Your home is their home, but this doesn't mean you have to welcome them as guests. Let's look at a few things you can do to encourage your tiny housemates to make themselves scarce.
House spiders are well adapted to the constant temperature and limited food found in your house. They lay eggs in places where they aren't likely to be disturbed, such as crawlspaces, attics, or behind your dresser. They also nest under your eves and siding, and all around the foundation. This is especially true if you have lots of bushes or trees outside.
By periodically decluttering and sweeping out the dark corners of your home, you eliminate those spots as potential nesting places and discourage spiders from hanging around inside. The first step is to identify places where spiders like to get comfortable.
Look for dusty, out-of-the-way places like the backs of closets, or anywhere you'd expect to find insects. Some spiders are attracted to warmth as well, so check around water heaters and other large appliances. Cobwebs are a dead giveaway, so get rid of them.
Stop the Gaps
A spider can squeeze its body through surprisingly small holes. Your home probably has a number of these openings. Scan every room for loose outlet covers and holes around water and electrical fittings, and close them up.
Examine window screens for holes. Spiders and insects can enter around loose-fitting frames, so check to make sure your screens fit snugly and are free of holes. Repair or replace any screens that are no longer up to the task.
You can also check exterior doors for openings a spider might take advantage of. Here's an easy trick: close the door and shine a bright flashlight from the other side all the way around the seam. If any light comes through, chances are, a spider can too. You may want to install weather stripping or door sweeps to seal off the gaps. As an added bonus, you'll be reducing cold air drafts and saving on your energy bill. Feels good, doesn't it?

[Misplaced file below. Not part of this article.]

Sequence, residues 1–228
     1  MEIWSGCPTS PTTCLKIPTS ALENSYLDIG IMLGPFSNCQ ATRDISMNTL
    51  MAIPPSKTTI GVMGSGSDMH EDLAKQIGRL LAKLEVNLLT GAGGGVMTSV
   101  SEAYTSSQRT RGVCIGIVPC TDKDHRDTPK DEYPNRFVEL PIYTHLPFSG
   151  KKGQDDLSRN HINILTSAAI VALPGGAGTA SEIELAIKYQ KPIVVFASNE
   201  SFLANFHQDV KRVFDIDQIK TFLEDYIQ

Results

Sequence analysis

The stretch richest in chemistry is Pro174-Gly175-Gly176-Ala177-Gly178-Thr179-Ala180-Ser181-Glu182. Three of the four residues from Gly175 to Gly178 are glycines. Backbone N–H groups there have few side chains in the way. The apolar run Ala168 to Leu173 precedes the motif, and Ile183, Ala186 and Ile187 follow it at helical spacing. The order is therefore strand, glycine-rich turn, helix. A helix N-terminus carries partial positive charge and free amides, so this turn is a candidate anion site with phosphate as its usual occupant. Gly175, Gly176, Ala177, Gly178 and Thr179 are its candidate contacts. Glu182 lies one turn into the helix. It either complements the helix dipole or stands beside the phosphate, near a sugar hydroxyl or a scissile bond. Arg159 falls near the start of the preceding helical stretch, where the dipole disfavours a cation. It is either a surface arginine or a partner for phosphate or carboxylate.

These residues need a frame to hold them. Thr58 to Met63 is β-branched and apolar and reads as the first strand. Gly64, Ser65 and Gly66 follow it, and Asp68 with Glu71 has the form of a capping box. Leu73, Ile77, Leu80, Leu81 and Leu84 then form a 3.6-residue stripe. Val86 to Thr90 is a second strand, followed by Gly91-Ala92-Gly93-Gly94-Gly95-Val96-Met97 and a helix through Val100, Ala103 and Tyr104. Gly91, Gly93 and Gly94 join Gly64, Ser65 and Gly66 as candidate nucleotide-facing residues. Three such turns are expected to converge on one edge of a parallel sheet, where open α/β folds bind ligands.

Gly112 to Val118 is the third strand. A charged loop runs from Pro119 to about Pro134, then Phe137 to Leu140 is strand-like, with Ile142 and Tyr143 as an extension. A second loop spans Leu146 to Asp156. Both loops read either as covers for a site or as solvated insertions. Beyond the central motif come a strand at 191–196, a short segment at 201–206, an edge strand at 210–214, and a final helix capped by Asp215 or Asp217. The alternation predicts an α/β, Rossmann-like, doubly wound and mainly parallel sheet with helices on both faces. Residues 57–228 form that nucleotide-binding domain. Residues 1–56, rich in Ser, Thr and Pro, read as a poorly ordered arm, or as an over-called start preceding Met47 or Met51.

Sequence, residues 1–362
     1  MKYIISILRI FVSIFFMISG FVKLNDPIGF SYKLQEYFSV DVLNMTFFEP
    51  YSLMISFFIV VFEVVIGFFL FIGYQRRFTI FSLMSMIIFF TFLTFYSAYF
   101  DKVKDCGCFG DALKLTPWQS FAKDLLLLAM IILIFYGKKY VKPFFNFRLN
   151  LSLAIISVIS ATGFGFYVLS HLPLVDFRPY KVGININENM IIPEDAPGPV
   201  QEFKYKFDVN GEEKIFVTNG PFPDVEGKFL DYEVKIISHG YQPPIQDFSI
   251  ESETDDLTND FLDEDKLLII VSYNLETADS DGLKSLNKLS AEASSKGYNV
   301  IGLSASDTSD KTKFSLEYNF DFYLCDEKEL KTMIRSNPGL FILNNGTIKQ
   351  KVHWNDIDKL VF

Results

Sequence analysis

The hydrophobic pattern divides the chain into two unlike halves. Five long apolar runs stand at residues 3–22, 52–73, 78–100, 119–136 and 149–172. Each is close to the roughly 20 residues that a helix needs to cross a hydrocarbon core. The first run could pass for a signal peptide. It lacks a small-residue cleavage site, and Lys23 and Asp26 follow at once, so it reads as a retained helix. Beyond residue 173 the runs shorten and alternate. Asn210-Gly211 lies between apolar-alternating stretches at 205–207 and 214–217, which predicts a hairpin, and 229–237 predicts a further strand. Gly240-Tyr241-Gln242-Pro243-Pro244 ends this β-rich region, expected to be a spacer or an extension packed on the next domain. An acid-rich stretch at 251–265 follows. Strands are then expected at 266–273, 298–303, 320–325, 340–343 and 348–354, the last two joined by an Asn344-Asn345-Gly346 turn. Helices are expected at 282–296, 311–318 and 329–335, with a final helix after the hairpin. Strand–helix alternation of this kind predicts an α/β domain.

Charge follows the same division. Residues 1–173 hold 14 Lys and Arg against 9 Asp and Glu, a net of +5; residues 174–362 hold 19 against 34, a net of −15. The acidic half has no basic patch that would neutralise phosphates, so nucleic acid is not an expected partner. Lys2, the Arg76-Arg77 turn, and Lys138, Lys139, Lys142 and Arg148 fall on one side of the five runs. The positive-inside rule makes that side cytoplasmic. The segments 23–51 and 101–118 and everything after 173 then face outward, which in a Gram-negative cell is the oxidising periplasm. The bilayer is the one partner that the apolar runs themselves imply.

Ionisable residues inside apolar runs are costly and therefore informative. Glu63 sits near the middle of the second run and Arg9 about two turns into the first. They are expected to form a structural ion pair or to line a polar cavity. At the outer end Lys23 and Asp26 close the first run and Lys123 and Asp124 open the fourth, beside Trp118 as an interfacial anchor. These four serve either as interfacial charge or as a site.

Don't Feed the Spiders
Spiders are voracious eaters, consuming more insects than just about any other animal in the world. Our homes are often visited by flies, mosquitos, earwigs, moths, and a host of other insects, especially in warmer climates. In addition to fixing screens and doors, you can keep insects at bay by being extra tidy in the kitchen. Avoid keeping food out on the counter, or dirty dishes in the sink. Sweep and vacuum floors to pick up dust, which can attract dust mites.
By eliminating these pests, you can eliminate many of the spiders that prey on them. Spiders aren't likely to stick around when there's nothing to eat, and will move on to the insects they find under and around your house.
What's That Smell?
Spiders are thought to dislike certain fragrances, so the strategic application of lavender or peppermint essential oils will discourage spiders from loitering, effectively creating an invisible barrier. You can also try lemon, tea tree, cinnamon, or citronella oils. Pick a scent that you find pleasing, since you'll likely be putting this stuff all over your house.
To apply, simply fill a small spray bottle with water. Add a few drops of the essential oil of your choice, plus a drop or two of dish soap. Oil and water don't mix, of course, but the soap will break the surface tension of the water enough to allow them to blend together. The resulting mixture should smell fairly strong, but not overpowering. Apply the mixture every couple of weeks on window sills, door jams, and anywhere else you don't want spiders to tread.
Follow these instructions to keep spiders out of the clean, well-lit rooms that you use, and let them have the dark, dusty spots that you don't. After all, there's no place like a crawlspace for a spider.